Friday, June 12, 2009

Isn’t it wonderful how life sometimes fits together?

I am at this very moment printing out Pandaman’s st st version of the baby surprise, the link that Tamar supplied earlier in the week. I thought I ought to have it for the archives, to be kept with the Schoolhouse Press Surprise leaflet.

It involves double decreases on some of the purl rows.

And only yesterday I read another brilliant blog entry by Fleegle – about purl decreases, including a centered double purl decrease so marvellously simple that I think it should henceforth be known as a Fleegle.

As far as my Surprise is concerned, however, I will adopt Fleegle’s own advice: “My favorite method, not described here in detail, is to avoid patterns that require me to do this.” I.e., my own Surprise, as I said yesterday, will be in the original garter stitch for weight, since I am committed to sock yarn.

I polished off another repeat of the Princess yesterday, and again counted ahead to the end, trying to count the links in the chained border edge in groups of ten, because each repeat eliminates ten of them. I got the same answer, that at the end I will finish a repeat with four links still to go. I think I will skip a link on the very next repeat.


We’re going to Strathardle today, for a whole week if we can stand it. I should be back in position by Monday the 22nd at the latest. Will I find all those poor little beans flattened by frost? I’ll take the cardigan along – it’s perfect tired-gardener knitting, and I hope to bring it back in a nearly-finished state.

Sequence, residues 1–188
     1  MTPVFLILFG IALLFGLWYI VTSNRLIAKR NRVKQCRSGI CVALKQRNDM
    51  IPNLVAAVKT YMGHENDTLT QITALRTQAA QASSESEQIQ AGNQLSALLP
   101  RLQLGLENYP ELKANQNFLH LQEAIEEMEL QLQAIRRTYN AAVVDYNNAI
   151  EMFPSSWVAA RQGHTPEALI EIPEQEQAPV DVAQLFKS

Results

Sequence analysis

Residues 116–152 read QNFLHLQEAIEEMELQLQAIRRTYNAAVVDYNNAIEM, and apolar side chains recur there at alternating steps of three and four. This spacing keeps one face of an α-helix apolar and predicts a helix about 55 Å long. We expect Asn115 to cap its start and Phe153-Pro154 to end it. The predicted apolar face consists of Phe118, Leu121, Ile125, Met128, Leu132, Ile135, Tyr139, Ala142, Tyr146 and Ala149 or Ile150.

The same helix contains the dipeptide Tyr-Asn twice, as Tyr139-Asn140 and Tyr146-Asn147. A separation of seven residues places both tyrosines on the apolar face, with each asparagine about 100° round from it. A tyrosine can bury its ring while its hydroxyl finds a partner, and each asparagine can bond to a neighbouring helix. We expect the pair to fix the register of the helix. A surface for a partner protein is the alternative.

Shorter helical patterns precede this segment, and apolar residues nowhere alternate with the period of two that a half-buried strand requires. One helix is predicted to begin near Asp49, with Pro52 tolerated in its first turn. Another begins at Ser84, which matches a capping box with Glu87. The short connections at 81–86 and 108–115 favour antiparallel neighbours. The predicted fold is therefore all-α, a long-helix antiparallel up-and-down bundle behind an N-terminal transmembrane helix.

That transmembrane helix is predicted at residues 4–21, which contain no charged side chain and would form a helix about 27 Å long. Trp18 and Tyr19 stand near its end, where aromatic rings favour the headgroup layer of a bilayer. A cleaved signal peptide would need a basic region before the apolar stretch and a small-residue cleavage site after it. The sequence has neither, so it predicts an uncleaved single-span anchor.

Beth, the seedbed roll: we had a mini heat wave with drought in May (I suspect that was our summer). When we got to Strathardle for our two-nighter early last week, I found the earth very dry. I think I carried more water in those two days than I did all the previous summer. It’s heavy stuff.

The one instruction for the seedbed roll is, “keep watered”. I think that’s all it was. The seeds dried up at a crucial stage.

Knitterguy asked how I was getting on with square-foot gardening. The answer, it’s still there, in rather diminished form this year. Maybe I’ll have another look at the texts when I re-join my gardening library later today. One of my “raised beds” was devoted to the seedbed roll, and we know what happened to that. The other is at the moment half square-feet and half rows. A square foot is not quite enough for spinach, so I put in a row of that, the length of the bed. That’s the spinach that bolted before it was big enough to harvest, another victim, I think, of the mini-drought. And a row of salsola soda. Ha.

The square feet aren’t doing much, so far. That’s where the salad things are meant to be, and they simply haven't come up.

Here is a recent picture of Alexander’s vegetables on the shores of Loch Fyne, just to show what can be achieved if you put your mind to it.


  1. fleegle blushes.

    If your square-foot garden is diminishing, does this mean you are down to square-inch gardening? I guess you could grow some sprouts in a square inch.

  2. I have to assume (or at least hope) that such a long (yet delightful) blog entry means that your eyes have recovered from their surgery.

    Blogland just isn't the same without you!

  3. Yes, well, putting your mind to it also involves the elements coorperating on the score of frosts and reasonable rainfall!

    If thine children and grandchildren are searching about for the ideal birthday gift for you perhaps suggesting some manual labour? They could put in the raised garden beds for next summer during the mad Games week. You could have all those beds nicely composted and friable, reading for sowing next April/May...

    As queried Moorecat, how'd the surgery go?